How to Select a Surgeon
Whether you are referred to a physician for surgical care or you make the choice yourself, don't take your surgeon's qualifications for granted. Make sure your operation is performed by a competent physician whose specialty is surgery. It could be the most important decision you make.
Here are some qualifications to look for:
1. Board Certification
A good sign of a surgeon's competence is certification by a surgical board that is approved by the American Board of Medical Specialties. When you choose a surgeon who is board-certified in a surgical specialty, you are assured that he or she has completed years of residency training in his specialty and has demonstrated his knowledge and competence by successfully completing a rigorous examination.
2. Fellowship in the American College of Surgeons
The letters F.A.C.S. (Fellow of the American College of Surgeons) after a surgeon's name are an indication to the patient that the surgeon has passed a thorough evaluation of both professional competence and ethical fitness. Fellows are board-certified surgeons or, in unusual circumstances, have met other standards comparable to board certification. A Fellow has committed himself or herself unequivocally to place the welfare of his patients above any other consideration, to avoid division of fees with other physicians, to make his fees commensurate with the services he renders, and to refrain from performing unjustified operations.
In instances where a Fellow has been found to violate these principles, he or she has been subjected to disciplinary action and has even been expelled from Fellowship.
3. Practice in an Accredited Health Care Facility
Your surgeon will arrange for your operation to be performed in a hospital or ambulatory surgery center where he or she has been approved for practice. It is a good idea to make sure that the hospital is accredited by the Joint Commission on Accreditation of Healthcare Organizations (JCAHO), a professionally sponsored program to stimulate a higher quality of patient care in hospitals and other health care facilities.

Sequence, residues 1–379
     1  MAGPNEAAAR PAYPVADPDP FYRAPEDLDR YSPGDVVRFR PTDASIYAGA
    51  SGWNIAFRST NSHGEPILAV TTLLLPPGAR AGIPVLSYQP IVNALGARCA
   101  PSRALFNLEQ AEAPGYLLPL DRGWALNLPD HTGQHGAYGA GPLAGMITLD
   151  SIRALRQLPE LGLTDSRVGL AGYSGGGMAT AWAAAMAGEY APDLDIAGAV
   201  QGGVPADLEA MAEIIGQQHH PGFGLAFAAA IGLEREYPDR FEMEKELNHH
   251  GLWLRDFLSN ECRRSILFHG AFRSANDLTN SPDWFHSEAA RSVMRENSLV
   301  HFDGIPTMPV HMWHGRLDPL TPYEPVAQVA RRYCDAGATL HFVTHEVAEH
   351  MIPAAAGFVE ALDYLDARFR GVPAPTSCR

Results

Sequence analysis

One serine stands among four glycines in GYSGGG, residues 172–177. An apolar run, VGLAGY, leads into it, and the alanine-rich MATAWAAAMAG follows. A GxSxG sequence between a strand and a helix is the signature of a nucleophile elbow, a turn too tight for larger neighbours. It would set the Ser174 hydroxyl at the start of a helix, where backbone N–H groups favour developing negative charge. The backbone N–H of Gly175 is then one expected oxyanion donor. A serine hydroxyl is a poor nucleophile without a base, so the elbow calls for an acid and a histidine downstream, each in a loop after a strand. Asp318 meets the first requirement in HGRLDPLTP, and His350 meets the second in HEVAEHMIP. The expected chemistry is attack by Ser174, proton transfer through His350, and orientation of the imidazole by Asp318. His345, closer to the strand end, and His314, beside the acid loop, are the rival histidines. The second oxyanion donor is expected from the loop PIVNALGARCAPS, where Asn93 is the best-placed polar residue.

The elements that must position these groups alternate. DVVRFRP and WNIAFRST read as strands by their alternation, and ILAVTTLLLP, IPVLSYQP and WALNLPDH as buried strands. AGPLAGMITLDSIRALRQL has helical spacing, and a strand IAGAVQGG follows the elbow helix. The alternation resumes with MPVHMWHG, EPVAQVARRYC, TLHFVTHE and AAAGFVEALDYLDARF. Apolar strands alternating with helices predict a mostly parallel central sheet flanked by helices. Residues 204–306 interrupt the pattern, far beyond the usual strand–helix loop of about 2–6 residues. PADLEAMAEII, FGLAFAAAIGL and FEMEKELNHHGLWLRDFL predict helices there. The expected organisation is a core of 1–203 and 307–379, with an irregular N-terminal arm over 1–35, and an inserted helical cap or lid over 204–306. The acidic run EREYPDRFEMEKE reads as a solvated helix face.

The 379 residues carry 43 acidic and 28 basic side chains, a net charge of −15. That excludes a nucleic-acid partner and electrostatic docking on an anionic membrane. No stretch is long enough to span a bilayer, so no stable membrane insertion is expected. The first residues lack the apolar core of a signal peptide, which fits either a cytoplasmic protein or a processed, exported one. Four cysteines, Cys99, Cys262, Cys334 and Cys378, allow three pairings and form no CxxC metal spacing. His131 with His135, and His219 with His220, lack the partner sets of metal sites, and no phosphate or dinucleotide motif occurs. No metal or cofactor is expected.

There is also an accreditation option that is available for ambulatory or outpatient surgery centers. If your operation is scheduled to be performed in one of these facilities, you can check to see if the center has been accredited by a nationally recognized organization such as the JCAHO or the Accreditation Association for Ambulatory Health Care (AAAHC). When a hospital or ambulatory surgery center has voluntarily sought accreditation, it is a good indication that the facility is committed to providing the best possible care for its patients.
If you are unsure of a surgeon's qualifications, don't hesitate to ask him about them or direct your inquiries to your local or state medical society, to the hospital or facility where your operation will be performed, to the surgical department of the nearest medical school, or to your family physician. They will be able to tell you if a surgeon is board certified and/or a Fellow of the American College of Surgeons.
To determine if a hospital or ambulatory surgery center is accredited, contact your local or state hospital association, or call the facility and ask if it is accredited by the JCAHO or the AAAHC.
*In some instances, such as during an emergency or in areas where fully trained surgeons in all specialties are not available, the performance of certain operations by physicians who are not surgical specialists may be in the best interest of patients.
Above content provided by the American College of Surgeons in partnership with Beth Israel Deaconess Medical Center. For advice about your medical care, consult your doctor.
Posted March 2013